A deal gone sour
The ritzy state dinner US President Barack Obama hosted in honour of Indian Prime Minister Manmohan Singh at the White House could not obscure the fact that Singh’s visit yielded little in substance. The elaborate pomp and ceremony also did little to change perceptions in India that it has lost ground in America’s Sino-centric Asia policy. During the presidency of George W Bush, many in India had whipped themselves into rapturous frenzy over what they saw as a tectonic shift in US policy toward India. All it required to shatter their bliss (and belief) was a change of government in Washington.
The lesson: Unlike India’s personality-driven, sentiment-laced approach, US foreign policy is shaped by institutional processes that preclude abrupt U-turns or shifts. To be sure, Bush was India-friendly. But he left office without translating his thinking into concrete policy guidance to various departments to treat India as a strategic priority. In the absence of a national security directive to the powerful State Department, Pentagon and Commerce Department bureaucracies that run day-to-day aspects of India policy, the vaunted Indo-US nuclear deal has failed to deliver tangible strategic benefits, or even to promote joint defence research and development. US export controls on high technology continue to target India like before.
The developments since 2008 actually hold the most-sobering lesson for Singh, who staked his political reputation to push through the nuclear deal. He peddled the deal as a transformative initiative that would help put the Indo-US relationship on a much-higher pedestal. But more than a year after the deal came to fruition there is no sign of its transformative power. Rather, India now is concerned about its diminished role in US foreign policy. Despite a much-celebrated strategic partnership between the world’s most-populous democracies, the US values India more as a market for its goods and services than as a collaborator on pressing strategic issues. Indeed, just as it has been balancing its relationships with India and Pakistan for long, Washington now is balancing its ties with India and China.
The nuclear deal itself is turning sour. It will take a decade or so before the first imported nuclear-power reactor begins to generate electricity. The economics of generating power from imported reactors hasn’t even been discussed. Costs are likely to be so high as to saddle Indian taxpayers with a major subsidy burden. Two nuclear-power plants currently under construction in Finland and France are billions of dollars over budget and years behind schedule.
Despite a strong US push to bag major reactor contracts and New Delhi’s action in reserving two nuclear parks exclusively for American firms, no reprocessing agreement could be clinched during Singh’s visit. Key differences remain over such an agreement, which would have to pass US congressional muster. Singh went to Washington after getting his Cabinet to approve a nuclear-accident liability bill, which seeks to cap liability at a mere $537 million (Rs2,500 crore) and makes the Indian state-run operator, rather than the foreign supplier, liable for compensation payment. Parliament must seize the opportunity when this bill is tabled to examine in full the nuclear deal, which thus far has escaped legislative scrutiny in India. The bill — intended to provide cover mainly to US firms, which, unlike France’s Areva and Russia’s Atomstroyexport, are in the private sector — seeks to further burden Indian taxpayers, rather than put the onus on the sellers of multibillion-dollar reactors.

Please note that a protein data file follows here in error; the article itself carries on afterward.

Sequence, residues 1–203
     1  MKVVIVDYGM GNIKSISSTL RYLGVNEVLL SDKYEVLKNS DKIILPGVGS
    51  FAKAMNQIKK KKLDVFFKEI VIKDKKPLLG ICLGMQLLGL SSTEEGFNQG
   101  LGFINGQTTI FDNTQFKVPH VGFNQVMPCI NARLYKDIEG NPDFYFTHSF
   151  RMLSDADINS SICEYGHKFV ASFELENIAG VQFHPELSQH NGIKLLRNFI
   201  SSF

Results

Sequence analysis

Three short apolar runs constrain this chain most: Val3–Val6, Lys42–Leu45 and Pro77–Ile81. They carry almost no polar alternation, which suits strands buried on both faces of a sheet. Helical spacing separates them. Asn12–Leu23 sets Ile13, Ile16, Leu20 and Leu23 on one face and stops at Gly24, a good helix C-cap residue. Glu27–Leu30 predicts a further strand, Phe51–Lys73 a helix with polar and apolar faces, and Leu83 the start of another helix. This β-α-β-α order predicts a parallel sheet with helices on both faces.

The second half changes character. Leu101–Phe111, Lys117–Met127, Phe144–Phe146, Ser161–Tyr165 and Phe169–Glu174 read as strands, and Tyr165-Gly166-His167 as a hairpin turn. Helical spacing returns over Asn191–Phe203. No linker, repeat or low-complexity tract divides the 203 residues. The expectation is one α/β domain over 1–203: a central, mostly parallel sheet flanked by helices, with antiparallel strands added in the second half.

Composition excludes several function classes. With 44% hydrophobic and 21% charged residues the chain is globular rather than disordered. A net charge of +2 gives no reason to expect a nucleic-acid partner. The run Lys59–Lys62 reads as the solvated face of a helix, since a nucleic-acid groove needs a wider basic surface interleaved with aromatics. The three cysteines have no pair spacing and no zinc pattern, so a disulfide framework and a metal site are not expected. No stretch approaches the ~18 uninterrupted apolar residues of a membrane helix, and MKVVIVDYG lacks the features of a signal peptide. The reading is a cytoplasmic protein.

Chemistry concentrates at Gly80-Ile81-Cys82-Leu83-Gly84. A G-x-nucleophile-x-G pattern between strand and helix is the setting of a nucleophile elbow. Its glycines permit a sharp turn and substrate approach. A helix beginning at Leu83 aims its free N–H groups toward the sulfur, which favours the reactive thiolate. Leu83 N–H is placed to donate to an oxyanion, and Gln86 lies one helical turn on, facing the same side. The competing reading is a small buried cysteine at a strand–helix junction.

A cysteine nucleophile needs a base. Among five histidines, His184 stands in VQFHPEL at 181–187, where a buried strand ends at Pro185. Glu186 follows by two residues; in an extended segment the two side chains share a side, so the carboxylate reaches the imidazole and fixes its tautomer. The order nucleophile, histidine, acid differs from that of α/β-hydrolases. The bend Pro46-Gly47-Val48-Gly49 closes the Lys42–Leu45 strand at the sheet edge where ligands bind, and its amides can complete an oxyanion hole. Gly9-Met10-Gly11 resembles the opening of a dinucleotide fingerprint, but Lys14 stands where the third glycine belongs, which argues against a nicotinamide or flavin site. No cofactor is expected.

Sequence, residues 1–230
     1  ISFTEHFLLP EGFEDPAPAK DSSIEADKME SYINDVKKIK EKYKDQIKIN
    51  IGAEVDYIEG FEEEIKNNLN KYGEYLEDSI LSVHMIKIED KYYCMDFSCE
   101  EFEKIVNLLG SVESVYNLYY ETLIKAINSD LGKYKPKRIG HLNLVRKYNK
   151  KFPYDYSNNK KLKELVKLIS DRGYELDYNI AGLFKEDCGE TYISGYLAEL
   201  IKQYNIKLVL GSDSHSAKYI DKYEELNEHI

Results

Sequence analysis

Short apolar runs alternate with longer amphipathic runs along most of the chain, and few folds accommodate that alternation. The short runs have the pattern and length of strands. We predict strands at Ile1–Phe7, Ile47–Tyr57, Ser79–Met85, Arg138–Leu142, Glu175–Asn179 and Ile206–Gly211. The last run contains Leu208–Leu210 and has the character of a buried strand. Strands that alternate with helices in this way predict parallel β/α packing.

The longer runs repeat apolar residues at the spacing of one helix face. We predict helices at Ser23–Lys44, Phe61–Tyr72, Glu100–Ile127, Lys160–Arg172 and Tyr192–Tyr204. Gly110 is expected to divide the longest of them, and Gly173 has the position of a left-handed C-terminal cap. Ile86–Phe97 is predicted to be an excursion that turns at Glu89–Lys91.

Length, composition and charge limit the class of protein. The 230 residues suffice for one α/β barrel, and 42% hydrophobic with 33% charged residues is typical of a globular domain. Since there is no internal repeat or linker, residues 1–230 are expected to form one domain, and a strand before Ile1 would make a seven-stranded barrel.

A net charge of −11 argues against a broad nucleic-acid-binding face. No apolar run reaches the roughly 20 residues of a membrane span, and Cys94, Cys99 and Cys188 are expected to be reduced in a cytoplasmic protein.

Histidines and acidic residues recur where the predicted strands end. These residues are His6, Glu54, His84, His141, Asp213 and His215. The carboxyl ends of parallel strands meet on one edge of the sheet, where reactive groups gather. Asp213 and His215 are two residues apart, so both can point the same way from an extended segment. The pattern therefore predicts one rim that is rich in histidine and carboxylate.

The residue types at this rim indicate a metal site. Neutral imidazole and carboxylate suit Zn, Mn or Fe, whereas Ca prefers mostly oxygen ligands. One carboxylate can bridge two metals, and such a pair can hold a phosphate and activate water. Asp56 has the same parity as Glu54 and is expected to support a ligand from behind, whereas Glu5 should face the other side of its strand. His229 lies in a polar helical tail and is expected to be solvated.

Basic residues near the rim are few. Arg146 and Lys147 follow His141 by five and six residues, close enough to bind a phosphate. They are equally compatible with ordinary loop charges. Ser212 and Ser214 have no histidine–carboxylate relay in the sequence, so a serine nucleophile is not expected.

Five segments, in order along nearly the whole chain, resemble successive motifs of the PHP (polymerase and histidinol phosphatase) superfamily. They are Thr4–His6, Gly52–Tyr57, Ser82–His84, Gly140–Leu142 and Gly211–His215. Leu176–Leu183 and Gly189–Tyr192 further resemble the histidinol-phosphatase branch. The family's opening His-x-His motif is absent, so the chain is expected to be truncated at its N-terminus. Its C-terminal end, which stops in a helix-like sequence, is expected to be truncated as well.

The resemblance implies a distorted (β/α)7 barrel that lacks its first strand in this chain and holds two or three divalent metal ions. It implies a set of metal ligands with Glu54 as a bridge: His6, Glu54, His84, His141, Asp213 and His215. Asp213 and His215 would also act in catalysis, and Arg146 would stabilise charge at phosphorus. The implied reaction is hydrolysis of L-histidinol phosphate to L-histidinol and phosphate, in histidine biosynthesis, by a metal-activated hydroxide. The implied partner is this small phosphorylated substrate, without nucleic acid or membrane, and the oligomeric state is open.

If anything, Singh’s visit was a reminder that Obama’s tilt towards China on key Asian issues and growing US reliance on and aid for Pakistan have emerged as major sticking points in the Indo-US relationship. The policy frame in which Washington is viewing India is not the larger Asian geopolitical landscape, but the southern Asian context. But even on regional matters, the US has on occasion sought to pursue approaches antithetical to India’s vital interest. Also, at a time when Sino-Indian border tensions have escalated, Washington has failed to even caution China against any attempt to forcibly change the territorial status quo.
But more than Washington, New Delhi is to be blamed. The deal-peddlers in India allowed their wishful thinking to blind them to the strategic trends that were firmly set long before Obama came to the White House. Take the China factor. Bush left office with a solid China-friendly legacy, best illustrated by the manner in which he ignored the Chinese crackdown in Tibet and showed up at the Beijing Olympics. The talk of a US-China diarchy — a G2 — ruling the world had begun before Obama was elected. It was also under Bush that the US renewed its aid to Pakistan on a massive scale, while pressuring India not to take the mildest diplomatic sanctions against Islamabad after 26/11. Clearly, the deal was oversold.
The writer is Professor Strategic Studies, Centre for Policy Research, New Delhi.